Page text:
Stricter measures will be imposed from tomorrow, Wednesday, in Malta, to deal with the pandemic of Covid-19, banning, among other things, the entry of unvaccinated British visitors, in its attempt to stop the spread of the Delta variant of the new coronavirus.
Unvaccinated children under the age of 12 will be able to enter the country if accompanied by an adult. However, the authorities' decision effectively prevents families with children in their teens from vacationing in one of the few destinations on Britain's “green list” – which means that tourists returning from Malta do not have to enter quarantine.
Another destination “closes” for the British
Malta has recorded only one case of the Delta variant, but there are fears that this number will increase after Britain ranked it in the “green list” last week.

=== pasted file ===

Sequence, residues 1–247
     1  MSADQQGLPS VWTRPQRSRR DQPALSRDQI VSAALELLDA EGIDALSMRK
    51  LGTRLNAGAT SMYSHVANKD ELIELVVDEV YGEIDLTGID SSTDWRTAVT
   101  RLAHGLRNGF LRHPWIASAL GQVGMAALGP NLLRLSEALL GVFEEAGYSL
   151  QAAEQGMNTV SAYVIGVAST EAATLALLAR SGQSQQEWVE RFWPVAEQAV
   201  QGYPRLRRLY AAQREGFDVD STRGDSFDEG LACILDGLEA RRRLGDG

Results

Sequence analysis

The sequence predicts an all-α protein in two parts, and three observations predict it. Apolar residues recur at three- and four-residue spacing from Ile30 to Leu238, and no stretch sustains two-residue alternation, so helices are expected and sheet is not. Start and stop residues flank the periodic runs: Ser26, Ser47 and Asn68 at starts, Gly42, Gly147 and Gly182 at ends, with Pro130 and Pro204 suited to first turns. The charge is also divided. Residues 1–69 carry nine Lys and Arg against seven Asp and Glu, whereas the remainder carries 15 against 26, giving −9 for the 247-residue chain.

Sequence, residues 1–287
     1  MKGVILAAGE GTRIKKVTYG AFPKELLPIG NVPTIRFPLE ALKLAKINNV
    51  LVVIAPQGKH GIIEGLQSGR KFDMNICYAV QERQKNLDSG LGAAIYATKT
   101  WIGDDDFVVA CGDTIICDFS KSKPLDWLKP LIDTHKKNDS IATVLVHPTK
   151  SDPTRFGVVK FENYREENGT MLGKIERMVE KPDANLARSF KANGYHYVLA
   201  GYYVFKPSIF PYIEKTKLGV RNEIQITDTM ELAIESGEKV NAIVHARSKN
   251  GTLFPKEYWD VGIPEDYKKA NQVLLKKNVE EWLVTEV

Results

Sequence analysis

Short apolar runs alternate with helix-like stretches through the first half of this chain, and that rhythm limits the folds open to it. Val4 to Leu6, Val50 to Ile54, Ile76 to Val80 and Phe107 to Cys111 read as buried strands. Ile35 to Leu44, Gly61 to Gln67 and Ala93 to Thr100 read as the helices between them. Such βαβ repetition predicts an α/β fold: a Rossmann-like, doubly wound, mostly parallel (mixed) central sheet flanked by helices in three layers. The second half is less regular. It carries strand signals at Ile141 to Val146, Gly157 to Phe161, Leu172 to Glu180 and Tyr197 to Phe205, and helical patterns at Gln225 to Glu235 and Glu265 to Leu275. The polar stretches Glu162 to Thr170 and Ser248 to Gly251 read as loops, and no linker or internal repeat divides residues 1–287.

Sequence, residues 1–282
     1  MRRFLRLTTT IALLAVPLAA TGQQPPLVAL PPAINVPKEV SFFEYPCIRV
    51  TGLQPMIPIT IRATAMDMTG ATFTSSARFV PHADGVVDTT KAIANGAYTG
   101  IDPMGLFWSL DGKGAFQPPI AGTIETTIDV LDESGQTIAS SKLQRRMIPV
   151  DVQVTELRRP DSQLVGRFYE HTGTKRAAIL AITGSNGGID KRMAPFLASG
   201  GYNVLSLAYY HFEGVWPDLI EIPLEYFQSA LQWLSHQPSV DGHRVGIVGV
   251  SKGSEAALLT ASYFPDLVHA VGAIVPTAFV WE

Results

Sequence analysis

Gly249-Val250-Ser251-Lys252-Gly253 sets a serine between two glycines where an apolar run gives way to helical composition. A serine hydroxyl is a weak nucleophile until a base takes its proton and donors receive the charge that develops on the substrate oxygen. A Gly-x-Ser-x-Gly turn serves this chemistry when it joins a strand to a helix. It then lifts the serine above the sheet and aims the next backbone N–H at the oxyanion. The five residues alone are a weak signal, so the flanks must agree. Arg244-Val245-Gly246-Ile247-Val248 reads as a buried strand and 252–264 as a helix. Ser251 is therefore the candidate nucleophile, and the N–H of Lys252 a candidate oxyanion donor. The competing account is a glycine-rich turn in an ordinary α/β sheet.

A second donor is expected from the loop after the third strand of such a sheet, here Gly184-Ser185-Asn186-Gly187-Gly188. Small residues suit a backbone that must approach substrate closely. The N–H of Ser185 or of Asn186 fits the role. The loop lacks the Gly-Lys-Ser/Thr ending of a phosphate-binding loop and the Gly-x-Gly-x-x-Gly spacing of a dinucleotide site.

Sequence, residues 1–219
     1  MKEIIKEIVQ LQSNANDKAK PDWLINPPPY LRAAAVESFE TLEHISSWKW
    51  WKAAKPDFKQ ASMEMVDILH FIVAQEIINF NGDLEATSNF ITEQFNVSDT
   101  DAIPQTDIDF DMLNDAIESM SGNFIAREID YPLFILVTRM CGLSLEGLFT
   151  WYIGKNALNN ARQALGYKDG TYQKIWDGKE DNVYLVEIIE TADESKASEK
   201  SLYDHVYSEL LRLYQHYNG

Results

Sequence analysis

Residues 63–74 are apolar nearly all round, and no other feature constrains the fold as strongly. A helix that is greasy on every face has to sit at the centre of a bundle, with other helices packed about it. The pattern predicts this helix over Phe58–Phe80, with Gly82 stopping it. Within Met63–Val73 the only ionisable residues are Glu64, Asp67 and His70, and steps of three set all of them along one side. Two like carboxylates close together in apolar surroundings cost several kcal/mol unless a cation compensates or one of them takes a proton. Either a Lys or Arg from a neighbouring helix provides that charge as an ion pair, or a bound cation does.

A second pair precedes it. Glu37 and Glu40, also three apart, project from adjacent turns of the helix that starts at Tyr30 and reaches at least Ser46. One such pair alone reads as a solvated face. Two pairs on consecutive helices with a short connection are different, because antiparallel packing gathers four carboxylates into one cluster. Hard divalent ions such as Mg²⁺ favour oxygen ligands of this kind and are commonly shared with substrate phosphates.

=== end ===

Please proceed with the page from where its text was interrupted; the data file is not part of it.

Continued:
Although the rate of vaccinations in Britain is among the highest in the world, this month saw a sharp rise in cases of the Delta variant.
Most infections affect people under the age of 40 who have not been fully vaccinated.
Britain is the main source of tourist income for Malta: one third of tourist arrivals come from this country.
Tourists from most other countries only need to test negative for the new coronavirus, which must have been performed up to 72 hours before their arrival.
The British were disappointed
Many aspiring British tourists have expressed frustration with the authorities' decision.
“Malta will lose money on accommodation, flights and (tourism) spending,” Derek Riul wrote on the Maltese Ministry of Information Facebook page.
He explained that he would now have to cancel his family vacations because of this new rule, which he called “arbitrary discrimination against teenagers”.
Malta has fully vaccinated three quarters of the adult population and is preparing to start vaccination in the 12-18 age group. As of mid-May, the number of new Covid-19 cases is in single digits, almost on a daily basis.